This year, Canadian research centre CitizenLab denounced the CatalanGate scandal, the biggest case of political espionage in the history of the European Union. Now, the case reaches the European Parliament, as Spanish authorities have taken no accountability on their anti-democratic actions.
On November 30th, the Committee of Inquiry to investigate the use of Pegasus and equivalent surveillance spyware organized a hearing on Spain, without Catalan civil society victims being invited due to the political pressure of the Spanish members in the European Parliament.
Three guests took the floor during the hearing: Spanish journalist and spyware victim Ignacio Cembrero, Catalan lawyer and victim Mr Andreu Van den Eynde and Spanish IT expert Mr Gregorio Martín. The latter did question the techniques used by CitizenLab and Amnesty International to detect Pegasus among the targeted phones.
Members of the European Parliament Ms Sophie In’TVeld and Ms Cornelia Ernst and others questioned Mr Martin’s words, as he did not present clear proof for his thesis while discrediting renowned international organizations known for their professionalism in previous reports as well as for defending human rights.
Mr Van den Eynde explained the CatalanGate case while Mr Cembrero talked about the implication of the Moroccan authorities in similar cases. The director of the Spanish secret services, Ms Esperanza Casteleiro, took the floor at the end of the hearing, although refusing to answer any questions, using as an excuse the Official Secrets Act, a vestige of Franco’s era. Committee President Mr Jeroen Leneaers expressed that Ms Casteleiro’s intervention and refusal to answer questions is unsatisfactory.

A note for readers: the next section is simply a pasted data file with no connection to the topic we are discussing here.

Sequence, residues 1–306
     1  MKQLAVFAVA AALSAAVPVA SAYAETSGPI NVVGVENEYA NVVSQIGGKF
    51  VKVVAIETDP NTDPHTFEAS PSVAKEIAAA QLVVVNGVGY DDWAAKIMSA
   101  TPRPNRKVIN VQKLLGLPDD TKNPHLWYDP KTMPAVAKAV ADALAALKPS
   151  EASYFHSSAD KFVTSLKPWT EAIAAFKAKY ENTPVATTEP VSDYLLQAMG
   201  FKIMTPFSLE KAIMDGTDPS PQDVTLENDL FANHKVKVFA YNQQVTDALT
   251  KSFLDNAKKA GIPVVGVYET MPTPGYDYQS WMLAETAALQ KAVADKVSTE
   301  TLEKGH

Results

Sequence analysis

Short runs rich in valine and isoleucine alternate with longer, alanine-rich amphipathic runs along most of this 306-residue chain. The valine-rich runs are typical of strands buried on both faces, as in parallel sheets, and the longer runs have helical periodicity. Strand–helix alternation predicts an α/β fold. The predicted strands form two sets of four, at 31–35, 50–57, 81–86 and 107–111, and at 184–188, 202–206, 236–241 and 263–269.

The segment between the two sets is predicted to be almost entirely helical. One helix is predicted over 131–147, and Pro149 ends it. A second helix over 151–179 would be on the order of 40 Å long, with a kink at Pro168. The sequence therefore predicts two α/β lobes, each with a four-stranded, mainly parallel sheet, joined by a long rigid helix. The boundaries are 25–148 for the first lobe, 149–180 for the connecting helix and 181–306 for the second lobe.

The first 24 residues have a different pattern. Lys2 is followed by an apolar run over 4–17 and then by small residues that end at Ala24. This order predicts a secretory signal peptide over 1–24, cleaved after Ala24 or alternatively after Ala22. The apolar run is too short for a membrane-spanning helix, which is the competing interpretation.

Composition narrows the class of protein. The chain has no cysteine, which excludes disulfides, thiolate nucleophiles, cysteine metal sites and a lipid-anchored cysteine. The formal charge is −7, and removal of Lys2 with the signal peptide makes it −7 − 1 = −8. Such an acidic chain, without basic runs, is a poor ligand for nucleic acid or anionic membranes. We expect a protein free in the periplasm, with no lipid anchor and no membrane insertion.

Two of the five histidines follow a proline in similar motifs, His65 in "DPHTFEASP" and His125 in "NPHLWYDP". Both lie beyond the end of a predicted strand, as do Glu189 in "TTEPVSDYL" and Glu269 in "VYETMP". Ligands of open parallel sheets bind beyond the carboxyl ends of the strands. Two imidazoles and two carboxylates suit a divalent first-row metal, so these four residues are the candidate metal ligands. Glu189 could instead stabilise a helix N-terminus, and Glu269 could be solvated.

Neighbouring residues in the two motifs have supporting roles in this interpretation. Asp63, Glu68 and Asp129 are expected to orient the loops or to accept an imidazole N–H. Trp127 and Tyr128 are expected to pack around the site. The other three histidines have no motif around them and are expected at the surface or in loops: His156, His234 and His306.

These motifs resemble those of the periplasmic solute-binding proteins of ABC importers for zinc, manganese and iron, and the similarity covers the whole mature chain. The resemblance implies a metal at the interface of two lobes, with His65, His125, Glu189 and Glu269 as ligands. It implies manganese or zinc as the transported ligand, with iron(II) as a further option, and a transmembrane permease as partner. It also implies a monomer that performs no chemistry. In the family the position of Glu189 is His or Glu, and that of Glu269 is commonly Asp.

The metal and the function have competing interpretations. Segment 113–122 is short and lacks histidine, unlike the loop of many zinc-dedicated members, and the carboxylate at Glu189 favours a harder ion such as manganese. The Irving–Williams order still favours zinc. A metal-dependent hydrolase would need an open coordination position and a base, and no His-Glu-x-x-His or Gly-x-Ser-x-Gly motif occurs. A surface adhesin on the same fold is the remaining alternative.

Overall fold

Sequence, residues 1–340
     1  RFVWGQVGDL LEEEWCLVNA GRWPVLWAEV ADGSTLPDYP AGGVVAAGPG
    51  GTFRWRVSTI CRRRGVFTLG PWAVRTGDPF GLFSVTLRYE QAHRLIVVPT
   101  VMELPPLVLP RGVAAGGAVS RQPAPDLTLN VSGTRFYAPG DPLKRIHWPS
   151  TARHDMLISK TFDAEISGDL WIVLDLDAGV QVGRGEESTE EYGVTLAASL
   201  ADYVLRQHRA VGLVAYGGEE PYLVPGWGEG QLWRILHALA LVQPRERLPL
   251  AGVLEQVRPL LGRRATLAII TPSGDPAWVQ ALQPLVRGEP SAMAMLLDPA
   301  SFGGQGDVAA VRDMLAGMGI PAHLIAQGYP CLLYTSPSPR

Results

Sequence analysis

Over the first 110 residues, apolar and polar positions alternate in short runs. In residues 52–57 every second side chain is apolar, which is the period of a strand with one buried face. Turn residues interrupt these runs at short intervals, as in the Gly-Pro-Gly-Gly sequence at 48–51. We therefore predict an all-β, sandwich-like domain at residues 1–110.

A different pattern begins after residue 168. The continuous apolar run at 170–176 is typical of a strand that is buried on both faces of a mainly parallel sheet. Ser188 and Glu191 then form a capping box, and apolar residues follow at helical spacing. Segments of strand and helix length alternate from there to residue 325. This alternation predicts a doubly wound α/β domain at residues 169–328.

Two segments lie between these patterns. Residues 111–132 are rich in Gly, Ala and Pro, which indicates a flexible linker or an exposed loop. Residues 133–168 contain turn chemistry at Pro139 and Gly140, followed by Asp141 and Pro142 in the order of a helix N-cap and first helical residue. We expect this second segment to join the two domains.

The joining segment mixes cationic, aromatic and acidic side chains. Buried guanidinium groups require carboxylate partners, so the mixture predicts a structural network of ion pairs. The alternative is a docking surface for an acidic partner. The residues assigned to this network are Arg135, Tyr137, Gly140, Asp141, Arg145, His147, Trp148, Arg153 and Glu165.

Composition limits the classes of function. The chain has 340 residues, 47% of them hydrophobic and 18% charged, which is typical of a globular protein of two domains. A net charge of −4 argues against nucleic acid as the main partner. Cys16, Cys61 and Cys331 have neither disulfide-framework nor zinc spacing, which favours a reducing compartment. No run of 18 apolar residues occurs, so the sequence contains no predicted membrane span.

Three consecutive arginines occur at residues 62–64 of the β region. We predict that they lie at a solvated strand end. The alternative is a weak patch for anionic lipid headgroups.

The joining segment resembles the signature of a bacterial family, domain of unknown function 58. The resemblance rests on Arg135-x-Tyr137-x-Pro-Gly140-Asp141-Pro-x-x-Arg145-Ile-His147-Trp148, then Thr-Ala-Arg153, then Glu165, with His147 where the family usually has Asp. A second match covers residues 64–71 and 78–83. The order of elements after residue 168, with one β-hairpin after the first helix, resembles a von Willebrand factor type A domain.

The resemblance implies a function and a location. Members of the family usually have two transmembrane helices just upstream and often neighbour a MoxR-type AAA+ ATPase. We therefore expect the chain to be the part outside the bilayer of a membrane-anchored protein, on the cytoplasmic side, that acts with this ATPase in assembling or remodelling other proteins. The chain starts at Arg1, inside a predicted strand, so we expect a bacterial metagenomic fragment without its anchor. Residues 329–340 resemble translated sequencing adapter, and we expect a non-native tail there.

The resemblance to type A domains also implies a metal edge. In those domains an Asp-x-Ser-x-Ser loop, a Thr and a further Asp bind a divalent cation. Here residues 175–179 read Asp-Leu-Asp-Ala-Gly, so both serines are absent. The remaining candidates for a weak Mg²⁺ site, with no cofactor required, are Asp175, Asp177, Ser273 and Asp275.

After the hearing, a public event organized by Greens/EFA took place in the European Parliament. This alternative event turned the spotlight on the victims, who finally had the opportunity to submit their cases in the Parliament. Representatives of Catalan political parties targeted by Pegasus and civil society members took the floor to explain their cases and the lack of accountability by Spanish authorities.
The Catalan National Assembly was represented by two victims: former President Ms Elisenda Paluzie and former National Board member Ms. Sònia Urpí. The former narrated their case to the audience, stating that “we are hopeful that this Committee of Inquiry at the European Parliament will properly denounce such human rights abuses. We seek reparation, and a clear commitment by the Spanish authorities to stop such practices against political dissidence.”